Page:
Based on my MA thesis, this lecture follows Giyora Manor - a homosexual Kibbutz member that was a prominent figure in Israeli theatre and dance, mainly as a critique. Manor provides us with a unique opportunity to look at the lives of men who loved men during the four decades between the founding of Israel in 1948 and the decriminalization of homosexual sex in 1988.

Lecture | 05

Mascara & Glitter: A History of Drag

Drag is a deceiving art form that plays with gender and identity, but during several chapters in history it was much more. This talk presents a fraction of the vast history of cross-dressing, while focusing on the relations between gender fluidity and the stage, the evolution of drag as an art form and the historical political role drag queens and kings played in Israel and elsewhere.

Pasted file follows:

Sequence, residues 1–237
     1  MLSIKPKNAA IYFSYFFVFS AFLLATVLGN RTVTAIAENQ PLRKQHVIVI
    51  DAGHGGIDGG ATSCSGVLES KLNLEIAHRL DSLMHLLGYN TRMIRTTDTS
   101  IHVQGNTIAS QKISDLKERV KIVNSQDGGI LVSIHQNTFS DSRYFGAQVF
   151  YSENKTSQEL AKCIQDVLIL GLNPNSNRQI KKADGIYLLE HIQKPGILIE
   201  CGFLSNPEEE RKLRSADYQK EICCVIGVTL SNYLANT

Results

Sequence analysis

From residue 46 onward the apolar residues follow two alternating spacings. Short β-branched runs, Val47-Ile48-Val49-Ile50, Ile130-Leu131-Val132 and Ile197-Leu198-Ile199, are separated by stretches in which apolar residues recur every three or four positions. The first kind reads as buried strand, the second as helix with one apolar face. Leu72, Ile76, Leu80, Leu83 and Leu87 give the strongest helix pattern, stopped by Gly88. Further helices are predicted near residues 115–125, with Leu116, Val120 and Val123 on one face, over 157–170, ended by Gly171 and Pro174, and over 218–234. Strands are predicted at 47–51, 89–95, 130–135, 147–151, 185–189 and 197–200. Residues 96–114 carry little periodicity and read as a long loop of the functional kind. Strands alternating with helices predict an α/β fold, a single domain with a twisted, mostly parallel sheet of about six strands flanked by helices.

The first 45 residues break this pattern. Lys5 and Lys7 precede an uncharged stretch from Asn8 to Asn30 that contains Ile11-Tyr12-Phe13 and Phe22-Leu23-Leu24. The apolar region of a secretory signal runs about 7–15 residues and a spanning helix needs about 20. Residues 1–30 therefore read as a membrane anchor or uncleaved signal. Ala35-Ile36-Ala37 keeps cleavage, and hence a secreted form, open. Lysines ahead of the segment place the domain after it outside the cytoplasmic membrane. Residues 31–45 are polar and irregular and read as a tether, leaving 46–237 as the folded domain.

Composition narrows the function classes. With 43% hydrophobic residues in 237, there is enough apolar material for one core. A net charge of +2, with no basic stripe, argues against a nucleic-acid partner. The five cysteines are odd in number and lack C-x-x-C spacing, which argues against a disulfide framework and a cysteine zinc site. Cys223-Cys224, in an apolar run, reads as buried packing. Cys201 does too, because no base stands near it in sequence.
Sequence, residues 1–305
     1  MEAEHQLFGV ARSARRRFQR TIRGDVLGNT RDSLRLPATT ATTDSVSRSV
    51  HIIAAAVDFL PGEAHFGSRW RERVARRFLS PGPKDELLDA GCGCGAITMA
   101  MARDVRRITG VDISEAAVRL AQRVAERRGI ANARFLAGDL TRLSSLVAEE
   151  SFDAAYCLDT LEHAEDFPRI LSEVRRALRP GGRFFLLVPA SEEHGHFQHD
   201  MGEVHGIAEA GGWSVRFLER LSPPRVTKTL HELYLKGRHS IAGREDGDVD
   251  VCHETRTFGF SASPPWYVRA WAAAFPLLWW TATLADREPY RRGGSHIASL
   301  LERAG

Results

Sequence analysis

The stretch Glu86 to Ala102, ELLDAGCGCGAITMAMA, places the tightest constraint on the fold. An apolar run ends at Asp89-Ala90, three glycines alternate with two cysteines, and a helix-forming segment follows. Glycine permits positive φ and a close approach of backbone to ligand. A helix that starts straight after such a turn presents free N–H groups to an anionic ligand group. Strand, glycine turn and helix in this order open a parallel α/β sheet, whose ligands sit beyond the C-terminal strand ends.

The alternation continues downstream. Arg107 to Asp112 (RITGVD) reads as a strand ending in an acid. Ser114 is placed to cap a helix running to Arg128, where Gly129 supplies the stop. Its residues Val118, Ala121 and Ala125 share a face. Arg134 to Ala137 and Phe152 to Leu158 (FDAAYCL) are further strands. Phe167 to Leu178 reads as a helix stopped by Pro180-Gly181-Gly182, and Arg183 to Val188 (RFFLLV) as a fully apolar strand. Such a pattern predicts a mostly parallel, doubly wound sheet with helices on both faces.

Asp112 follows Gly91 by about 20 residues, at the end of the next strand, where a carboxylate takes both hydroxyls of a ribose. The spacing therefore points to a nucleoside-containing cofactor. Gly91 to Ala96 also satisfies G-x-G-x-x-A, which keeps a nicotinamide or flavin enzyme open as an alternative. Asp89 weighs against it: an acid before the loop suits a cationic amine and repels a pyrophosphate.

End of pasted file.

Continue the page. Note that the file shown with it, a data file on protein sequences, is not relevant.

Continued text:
Lecture | 06

Queer Time

We measure time not only in hours, days and years. We think of the past and expect the future also through life event: a wedding, career breakthrough, the son's bar-mitzvah. People who live outside normative gender and/or sexuality often have different ways to think of time. This lecture asks philosophical and social questions about the ways our sexuality and gender affect our experience of time and different family structures affect our perception of history and future.